The second thing. Even at HHS, we did not ask CDC or EPA to come in because they're so busy. We went out and we hired our own laboratory to come in and inspect the mailroom, and they came back and said "potentially positive," "presumptive positive," and now we're going to the next step.

A lotta companies are doing this. They're hiring laboratories to come in and inspect their mailrooms to find out if in fact they do it, and they're setting up procedures for handling the mail.

CDC is setting up the guidelines which should be followed, wherever possible, and that is if you've got something that's suspect, you wash your hands and cover it up, and then call 911.

AT&T MODERATOR: Next question.

CDC OPERATOR: The next question comes from the line of Robert Bazell with NBC News.

DR. BAZELL: Hi. A question for Dr. Koplan. The 61-year-old woman in New York. She's been reported to be on a ventilator. Two questions. One. Do you have--are there enough other people around so that you can do a good epidemiological investigation of her movements that you described, and the second question is you talked about, concern about antibiotics susceptibility in her case. Was there something in her treatment that gave you reason to be more concerned about antibiotics susceptibility in the case of that woman?

DR. KOPLAN: Let me--I'll take those--three different parts, Robert. One is yes, we are, as I said, actively investigating her whereabouts. It's much easier, obviously, to talk to the person involved, and as you said, she is intubated and on a ventilator. So we're getting some information from fellow workers. The New York City health department has identified one or more relatives that can be spoken to, and then obviously neighbors and friends have to be identified.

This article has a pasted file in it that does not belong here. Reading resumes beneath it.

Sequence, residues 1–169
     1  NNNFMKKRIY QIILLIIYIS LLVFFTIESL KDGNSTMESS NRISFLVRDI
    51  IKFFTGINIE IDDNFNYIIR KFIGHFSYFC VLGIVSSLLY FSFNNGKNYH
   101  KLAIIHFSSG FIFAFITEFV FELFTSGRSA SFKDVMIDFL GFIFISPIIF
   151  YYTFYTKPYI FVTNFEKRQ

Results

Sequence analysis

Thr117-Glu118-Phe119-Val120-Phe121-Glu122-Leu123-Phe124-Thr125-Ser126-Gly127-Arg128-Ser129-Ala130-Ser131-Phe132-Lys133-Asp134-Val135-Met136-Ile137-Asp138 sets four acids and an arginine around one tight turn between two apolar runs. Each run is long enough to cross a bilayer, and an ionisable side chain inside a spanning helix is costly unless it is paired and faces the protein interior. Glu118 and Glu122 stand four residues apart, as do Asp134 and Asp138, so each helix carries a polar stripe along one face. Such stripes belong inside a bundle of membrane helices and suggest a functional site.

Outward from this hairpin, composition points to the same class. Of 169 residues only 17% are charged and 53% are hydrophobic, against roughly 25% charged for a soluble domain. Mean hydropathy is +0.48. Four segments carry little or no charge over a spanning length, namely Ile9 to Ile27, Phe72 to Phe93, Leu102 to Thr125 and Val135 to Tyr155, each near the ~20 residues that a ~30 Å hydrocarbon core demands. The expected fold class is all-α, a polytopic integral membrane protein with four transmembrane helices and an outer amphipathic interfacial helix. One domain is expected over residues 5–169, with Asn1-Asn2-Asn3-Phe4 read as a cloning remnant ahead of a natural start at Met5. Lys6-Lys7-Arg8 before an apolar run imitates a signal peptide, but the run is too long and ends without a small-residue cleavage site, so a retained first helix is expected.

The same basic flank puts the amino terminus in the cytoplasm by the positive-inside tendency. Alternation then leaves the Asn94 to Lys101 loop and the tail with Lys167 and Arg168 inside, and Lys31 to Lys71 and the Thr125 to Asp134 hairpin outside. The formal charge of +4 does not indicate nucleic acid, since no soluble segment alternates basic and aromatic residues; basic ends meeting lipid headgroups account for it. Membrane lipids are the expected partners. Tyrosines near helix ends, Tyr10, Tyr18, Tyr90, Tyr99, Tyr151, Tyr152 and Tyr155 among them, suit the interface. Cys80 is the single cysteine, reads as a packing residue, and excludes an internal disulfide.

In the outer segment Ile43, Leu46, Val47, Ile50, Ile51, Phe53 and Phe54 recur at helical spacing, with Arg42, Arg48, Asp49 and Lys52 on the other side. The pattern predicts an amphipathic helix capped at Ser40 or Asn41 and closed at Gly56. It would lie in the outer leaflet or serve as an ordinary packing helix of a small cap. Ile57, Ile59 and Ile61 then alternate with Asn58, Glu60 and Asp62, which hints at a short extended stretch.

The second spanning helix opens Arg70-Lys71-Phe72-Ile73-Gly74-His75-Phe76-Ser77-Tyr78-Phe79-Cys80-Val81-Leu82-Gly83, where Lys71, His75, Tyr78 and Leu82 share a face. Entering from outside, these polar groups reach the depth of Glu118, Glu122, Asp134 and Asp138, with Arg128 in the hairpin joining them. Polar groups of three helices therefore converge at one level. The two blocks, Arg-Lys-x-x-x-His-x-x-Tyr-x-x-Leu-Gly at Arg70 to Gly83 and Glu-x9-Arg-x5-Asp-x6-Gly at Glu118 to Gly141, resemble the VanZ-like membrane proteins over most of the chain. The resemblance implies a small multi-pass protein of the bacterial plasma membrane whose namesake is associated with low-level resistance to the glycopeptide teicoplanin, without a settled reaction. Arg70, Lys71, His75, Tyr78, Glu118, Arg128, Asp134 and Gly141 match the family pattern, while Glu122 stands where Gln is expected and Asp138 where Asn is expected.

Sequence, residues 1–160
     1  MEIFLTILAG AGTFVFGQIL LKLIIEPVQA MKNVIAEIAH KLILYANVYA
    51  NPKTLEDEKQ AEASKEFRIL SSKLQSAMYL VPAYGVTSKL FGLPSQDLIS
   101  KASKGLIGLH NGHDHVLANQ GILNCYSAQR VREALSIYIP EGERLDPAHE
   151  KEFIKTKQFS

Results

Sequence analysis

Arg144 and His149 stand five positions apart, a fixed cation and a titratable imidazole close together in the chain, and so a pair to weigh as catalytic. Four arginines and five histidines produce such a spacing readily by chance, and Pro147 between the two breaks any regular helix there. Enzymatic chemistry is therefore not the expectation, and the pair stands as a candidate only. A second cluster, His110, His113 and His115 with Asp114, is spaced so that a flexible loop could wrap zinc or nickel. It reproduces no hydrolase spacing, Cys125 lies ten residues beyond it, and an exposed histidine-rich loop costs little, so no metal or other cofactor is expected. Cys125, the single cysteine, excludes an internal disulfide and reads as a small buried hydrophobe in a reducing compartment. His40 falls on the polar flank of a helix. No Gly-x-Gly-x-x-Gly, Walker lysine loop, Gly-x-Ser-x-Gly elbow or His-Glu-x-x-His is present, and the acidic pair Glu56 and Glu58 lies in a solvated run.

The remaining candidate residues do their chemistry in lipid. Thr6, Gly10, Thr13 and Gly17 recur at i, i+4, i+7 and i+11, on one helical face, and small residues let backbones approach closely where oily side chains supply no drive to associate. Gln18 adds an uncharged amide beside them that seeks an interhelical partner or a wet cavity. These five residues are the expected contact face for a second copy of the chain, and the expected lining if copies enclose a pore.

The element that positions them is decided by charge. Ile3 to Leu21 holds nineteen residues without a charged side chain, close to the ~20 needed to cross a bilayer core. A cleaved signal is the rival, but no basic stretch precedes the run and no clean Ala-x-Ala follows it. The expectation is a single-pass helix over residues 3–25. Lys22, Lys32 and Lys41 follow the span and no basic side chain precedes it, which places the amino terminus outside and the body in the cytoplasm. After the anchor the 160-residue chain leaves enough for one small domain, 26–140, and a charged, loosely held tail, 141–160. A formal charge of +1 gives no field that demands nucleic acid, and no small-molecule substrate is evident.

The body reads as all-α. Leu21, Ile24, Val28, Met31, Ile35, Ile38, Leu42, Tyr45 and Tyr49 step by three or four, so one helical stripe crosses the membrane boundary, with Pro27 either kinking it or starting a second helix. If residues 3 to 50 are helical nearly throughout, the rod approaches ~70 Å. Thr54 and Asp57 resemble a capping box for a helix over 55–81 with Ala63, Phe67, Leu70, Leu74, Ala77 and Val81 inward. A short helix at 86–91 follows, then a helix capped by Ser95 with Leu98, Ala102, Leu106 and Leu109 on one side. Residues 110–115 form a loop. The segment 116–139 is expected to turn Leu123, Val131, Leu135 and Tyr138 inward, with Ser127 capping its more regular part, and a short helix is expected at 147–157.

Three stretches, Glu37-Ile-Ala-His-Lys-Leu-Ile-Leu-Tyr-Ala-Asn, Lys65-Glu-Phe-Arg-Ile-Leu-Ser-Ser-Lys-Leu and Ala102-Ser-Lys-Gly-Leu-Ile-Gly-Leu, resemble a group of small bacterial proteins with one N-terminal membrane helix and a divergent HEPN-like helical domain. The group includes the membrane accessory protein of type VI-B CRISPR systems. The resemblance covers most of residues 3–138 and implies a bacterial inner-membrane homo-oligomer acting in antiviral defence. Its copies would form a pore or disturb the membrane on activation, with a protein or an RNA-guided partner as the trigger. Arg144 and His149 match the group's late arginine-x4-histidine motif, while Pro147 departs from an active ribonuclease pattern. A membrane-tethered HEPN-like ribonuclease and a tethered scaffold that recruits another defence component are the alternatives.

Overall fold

But as in all these investigations, the more people who are, you know, have more details about someone's life, the better off you are in the investigation, and this may be a slightly more difficult one to get all that information from.

Your second question about antibiotics in this case. One striking feature of, again, good care in this case was as soon as this woman was identified and admitted to a hospital in New York, she was placed on the new treatment regimen that we had in our, the Morbidity and Mortality Weekly Report, just this last week. MMWR had a trio of antibiotics that were being used successfully in other cities, that previously had not been the standard of care for inhalation anthrax and from the get-go, when this woman was admitted, she was placed on this trio of antibiotics.

Nevertheless, she is very, very ill and we hope these antibiotics, obviously, are effective. We had no reason, immediately, to believe that these aren't gonna be the best ones to use but with each new case in this, one of our--you know, we do two things.

Our two primary lab responsibilities are, one, confirm it's anthrax, and two, see what the antibiotic sensitivities are because that has the greatest impact on the well-being of that patient. That's where we've put our energy.

DR. BAZELL: Thank you.

AT&T MODERATOR: Next question.

CDC OPERATOR: Next we have Charles Ornstein with the Los Angeles Times.

MR. ORNSTEIN: Hi there. I have a two-part question. The first deals with whether or not you guys at the CDC are doing, you know, actual clinical research using anthrax samples that you have there to look at issues of cross-contamination and issues of whether or not this thing--how anthrax spreads, if you're doing your own tests or if you're just examining cases as they come in real time.

And then the second part deals with whether or not you've reassessed the issue of the number of spores it takes to create inhalation anthrax, whether, as JAMA said, it was 2,500 or as previously said, it's 8- to 10,000, if you've come to any different conclusions.

DR. KOPLAN: This is Jeff Koplan again. I'll answer the last part of your question first. It's a very difficult thing to answer the exact number of spores. As you're probably all aware by now, this number of spores necessary to cause different types of disease is generated from animal studies that, as you would well imagine, there has not been, nor is there likely to be, the possibility of actually--nor should there be--the ability to translate that into humans. So we extrapolate from animal studies to humans for this.

Is it possible that the number for humans is a smaller amount or a larger amount or different? Yes, it is. Keep in mind, though, that very small amounts, quantities of these powders contain large numbers of spores. So those are two different things--the number of spores necessary for infection, and that can still translate to a very small quantity of powder.